Paper: Drilling Damage in 161 PA Water Supplies
20 May 2013
SCRANTON, Pa. (AP) — Oil and gas development damaged the water
supplies of at least 161 Pennsylvania homes, farms, churches and
businesses between 2008 and the fall of 2012, according to state
records obtained by a newspaper.
The (Scranton) Times-Tribune first requested the records in late
2011 under the Right to Know law, but the Department of
Environmental Protection mounted legal challenges and didn't
release the records until late last year.
The Times-Tribune analyzed nearly 1,000 letters and enforcement
orders written by DEP officials. The determination letters are
sent to water supply owners who complained that drilling
activities polluted or diminished the flow of water to their
About 17 percent of the investigations across the five-year period
found that oil and gas activity disrupted water supplies either
temporarily or seriously enough to require companies to replace
the source. According to the letters, faulty wells channeled
natural gas into the water supplies for 90 properties. Three of
those cases were tied to old wells, one of which caused an
explosion at a home after gas entered through a floor drain and
accumulated in a basement.
The department repeatedly argued in court filings that it does not
count how many determination letters it issues or track where they
are kept in its files. The DEP has also fought efforts by The
Associated Press and other news organizations to obtain similar
The state's records suggest that drilling-related contamination
incidents increased with the start of the Marcellus Shale drilling
boom, with about 4,000 wells producing gas since 2008. Drilling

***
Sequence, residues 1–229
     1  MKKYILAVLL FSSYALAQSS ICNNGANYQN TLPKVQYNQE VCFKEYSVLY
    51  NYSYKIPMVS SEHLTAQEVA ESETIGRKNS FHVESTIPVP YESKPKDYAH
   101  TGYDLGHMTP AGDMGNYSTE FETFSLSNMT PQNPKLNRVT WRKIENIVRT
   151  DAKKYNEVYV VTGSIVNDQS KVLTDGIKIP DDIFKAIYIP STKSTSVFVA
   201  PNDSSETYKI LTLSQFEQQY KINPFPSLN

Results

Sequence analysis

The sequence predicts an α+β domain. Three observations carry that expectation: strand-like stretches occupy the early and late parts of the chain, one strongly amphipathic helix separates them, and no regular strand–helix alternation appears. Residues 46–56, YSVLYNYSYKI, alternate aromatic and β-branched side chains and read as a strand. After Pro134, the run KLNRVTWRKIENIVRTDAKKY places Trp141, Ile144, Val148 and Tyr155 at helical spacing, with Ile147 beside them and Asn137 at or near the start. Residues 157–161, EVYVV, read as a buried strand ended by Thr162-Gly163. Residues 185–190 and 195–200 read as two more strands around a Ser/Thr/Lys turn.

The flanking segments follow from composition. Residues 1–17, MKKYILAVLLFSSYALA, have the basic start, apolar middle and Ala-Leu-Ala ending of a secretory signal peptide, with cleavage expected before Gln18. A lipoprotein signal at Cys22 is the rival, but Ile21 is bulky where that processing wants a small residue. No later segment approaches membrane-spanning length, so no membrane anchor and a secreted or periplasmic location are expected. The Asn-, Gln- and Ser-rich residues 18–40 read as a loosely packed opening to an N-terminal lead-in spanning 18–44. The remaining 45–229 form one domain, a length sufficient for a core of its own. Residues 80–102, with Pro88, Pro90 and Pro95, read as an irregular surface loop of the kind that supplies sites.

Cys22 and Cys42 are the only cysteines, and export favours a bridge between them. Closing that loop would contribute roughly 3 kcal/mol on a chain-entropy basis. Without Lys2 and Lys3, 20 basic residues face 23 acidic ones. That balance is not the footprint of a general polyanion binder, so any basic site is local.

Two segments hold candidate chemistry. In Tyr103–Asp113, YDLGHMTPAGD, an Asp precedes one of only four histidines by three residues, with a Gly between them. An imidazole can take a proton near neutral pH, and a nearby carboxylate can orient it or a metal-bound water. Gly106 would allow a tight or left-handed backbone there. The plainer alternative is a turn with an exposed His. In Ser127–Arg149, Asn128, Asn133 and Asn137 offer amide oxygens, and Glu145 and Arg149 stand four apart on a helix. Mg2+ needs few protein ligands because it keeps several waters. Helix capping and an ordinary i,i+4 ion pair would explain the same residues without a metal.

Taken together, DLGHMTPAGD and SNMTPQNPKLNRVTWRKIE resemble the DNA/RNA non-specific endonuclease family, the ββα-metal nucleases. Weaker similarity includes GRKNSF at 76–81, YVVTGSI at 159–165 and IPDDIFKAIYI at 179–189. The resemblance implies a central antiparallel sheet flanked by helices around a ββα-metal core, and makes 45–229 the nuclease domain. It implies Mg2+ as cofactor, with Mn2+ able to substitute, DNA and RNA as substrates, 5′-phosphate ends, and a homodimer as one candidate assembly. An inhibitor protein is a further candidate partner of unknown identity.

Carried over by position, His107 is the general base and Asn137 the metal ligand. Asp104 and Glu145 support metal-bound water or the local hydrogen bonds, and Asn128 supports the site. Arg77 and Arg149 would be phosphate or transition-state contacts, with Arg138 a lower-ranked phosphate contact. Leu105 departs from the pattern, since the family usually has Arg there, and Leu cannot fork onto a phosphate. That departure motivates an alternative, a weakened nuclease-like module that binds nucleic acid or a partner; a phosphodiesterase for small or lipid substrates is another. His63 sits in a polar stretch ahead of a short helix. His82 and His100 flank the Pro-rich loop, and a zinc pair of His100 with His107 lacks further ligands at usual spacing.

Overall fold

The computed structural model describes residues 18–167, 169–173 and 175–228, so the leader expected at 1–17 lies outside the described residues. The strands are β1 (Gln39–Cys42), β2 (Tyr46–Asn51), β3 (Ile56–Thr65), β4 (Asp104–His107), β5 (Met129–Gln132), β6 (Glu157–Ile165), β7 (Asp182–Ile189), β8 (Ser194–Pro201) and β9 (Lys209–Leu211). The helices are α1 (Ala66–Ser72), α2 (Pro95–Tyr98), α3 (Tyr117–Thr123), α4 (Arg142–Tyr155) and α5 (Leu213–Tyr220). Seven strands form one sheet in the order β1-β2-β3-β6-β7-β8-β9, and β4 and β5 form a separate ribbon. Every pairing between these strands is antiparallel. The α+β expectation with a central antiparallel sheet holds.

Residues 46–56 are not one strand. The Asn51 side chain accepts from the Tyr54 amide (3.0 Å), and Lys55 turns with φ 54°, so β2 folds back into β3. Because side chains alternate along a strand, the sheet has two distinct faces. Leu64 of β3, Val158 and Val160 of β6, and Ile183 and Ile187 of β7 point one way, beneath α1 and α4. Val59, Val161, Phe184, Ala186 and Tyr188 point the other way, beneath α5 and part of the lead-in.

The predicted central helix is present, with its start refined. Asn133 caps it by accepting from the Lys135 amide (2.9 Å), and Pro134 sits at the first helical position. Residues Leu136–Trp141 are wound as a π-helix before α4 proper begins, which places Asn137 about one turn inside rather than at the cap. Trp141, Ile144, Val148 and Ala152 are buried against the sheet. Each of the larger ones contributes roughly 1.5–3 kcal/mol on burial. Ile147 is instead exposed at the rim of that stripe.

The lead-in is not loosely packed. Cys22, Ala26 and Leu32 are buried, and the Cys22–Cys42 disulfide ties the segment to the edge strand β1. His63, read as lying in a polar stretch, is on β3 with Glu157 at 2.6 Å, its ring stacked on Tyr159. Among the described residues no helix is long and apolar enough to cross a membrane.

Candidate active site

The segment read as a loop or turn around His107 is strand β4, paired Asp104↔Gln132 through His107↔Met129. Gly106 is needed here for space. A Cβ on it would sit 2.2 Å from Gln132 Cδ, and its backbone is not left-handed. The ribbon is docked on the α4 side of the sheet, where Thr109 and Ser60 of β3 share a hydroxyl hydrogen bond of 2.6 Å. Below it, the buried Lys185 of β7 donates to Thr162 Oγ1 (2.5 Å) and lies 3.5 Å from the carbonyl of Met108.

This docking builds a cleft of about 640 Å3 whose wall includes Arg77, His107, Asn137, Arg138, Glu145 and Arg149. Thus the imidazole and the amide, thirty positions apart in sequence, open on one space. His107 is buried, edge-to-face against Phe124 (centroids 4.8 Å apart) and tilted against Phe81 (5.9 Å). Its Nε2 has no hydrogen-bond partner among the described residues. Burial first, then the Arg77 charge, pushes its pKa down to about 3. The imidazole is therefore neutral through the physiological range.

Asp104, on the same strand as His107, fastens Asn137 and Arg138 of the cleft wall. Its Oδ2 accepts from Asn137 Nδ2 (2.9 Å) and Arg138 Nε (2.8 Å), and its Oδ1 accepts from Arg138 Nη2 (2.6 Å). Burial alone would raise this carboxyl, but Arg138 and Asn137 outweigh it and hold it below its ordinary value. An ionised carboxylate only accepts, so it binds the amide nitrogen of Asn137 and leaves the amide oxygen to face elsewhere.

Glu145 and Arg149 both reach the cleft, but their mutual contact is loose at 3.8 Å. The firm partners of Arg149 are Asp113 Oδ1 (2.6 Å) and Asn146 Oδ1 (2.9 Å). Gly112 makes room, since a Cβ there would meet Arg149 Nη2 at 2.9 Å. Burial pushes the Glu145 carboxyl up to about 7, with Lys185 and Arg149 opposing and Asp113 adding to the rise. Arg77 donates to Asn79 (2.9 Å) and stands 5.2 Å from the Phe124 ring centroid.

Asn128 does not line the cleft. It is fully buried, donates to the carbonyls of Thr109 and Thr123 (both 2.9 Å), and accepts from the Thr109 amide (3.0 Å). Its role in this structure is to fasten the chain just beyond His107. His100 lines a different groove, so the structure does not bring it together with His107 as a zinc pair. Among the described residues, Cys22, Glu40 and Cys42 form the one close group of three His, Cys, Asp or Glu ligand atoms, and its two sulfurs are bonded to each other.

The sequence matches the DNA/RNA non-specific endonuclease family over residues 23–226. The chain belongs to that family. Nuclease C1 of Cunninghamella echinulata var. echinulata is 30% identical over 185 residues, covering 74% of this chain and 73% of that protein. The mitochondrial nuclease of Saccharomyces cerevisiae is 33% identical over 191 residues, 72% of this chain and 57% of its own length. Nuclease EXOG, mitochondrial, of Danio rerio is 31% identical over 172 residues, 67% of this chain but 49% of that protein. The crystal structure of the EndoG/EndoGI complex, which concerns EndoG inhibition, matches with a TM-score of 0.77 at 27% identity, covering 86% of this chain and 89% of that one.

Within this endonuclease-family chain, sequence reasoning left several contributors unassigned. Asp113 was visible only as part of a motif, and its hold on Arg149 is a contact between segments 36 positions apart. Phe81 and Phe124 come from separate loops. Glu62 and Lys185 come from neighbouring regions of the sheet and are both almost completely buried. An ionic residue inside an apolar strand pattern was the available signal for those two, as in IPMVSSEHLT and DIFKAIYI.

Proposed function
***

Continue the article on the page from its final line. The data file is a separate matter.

damaged water supplies at a rate of more than 16 cases per year
during the past five years, but for the 20 years prior to 2008 the
rate was fewer than three per year.
The department's water testing and reporting protocols have come
under scrutiny in recent months as environmental activists and
homeowners whose drilling-related complaints were dismissed have
come to doubt the accuracy of DEP findings. In January, state
Auditor General Eugene DePasquale announced his office is
conducting a performance audit of the DEP's water testing program.
Department spokesman Kevin Sunday told the Times-Tribune that the
increase in problems can be attributed to a shift from drilling in
western areas with a long history of oil and gas extraction to
central and eastern regions where the geology is less studied.
Those factors mean "that there will be an adjustment period"
during which drillers refine practices.
Sunday added that the records suggest that tougher state
regulations on drilling have reduced the number of problems. The
department counted five contamination cases in 2012 compared to 18
cases in 2011, but some of those cases involved more than one
drinking water source.
Some of the problems were short-lived: the department described 20
of the confirmed contamination incidents as temporary.
Marcellus Shale Coalition CEO Kathryn Klaber said the state and
natural gas industry have focused on strengthening standards for
drilling. She said the industry has worked to investigate and
respond to contamination complaints, including providing drinking
water to homeowners.
The environmental protection department's records also describe an
array of problems that exist in Pennsylvania water supplies
unrelated to oil and gas exploration, such as high metal, salt and
methane content and bacteria from surface water or nesting
creatures invading poorly built water wells.
A 2011 Penn State study found that about 40 percent of water wells
it tested prior to gas well drilling failed at least one federal
drinking water standard. Pennsylvania is one of only a few states
that doesn't have private water well construction standards.
Other contamination in the records involved drilling-related road
construction in two cases and construction of a large
water-storage pond at another, while pipeline construction twice
polluted water supplies with sediment. Seven water supplies were
contaminated by stray cement or rock waste displaced by drilling.
Critics of natural gas drilling say the ambiguity left by DEP
investigations means the state needs more robust tools and a
stronger will to pursue clues about contamination.
Anthony Ingraffea, an engineering professor at Cornell University,
said the environmental protection department's record-keeping
doesn't answer the question of "how many individual families'
private drinking water wells have been contaminated by oil and gas
"No one knows the answer," Ingraffea said.